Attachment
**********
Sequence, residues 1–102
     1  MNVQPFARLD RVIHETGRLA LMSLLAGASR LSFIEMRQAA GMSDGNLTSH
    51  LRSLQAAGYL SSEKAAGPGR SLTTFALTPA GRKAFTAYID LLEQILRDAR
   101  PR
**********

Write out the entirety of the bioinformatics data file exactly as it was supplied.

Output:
Sequence, residues 1–102
     1  MNVQPFARLD RVIHETGRLA LMSLLAGASR LSFIEMRQAA GMSDGNLTSH
    51  LRSLQAAGYL SSEKAAGPGR SLTTFALTPA GRKAFTAYID LLEQILRDAR
   101  PR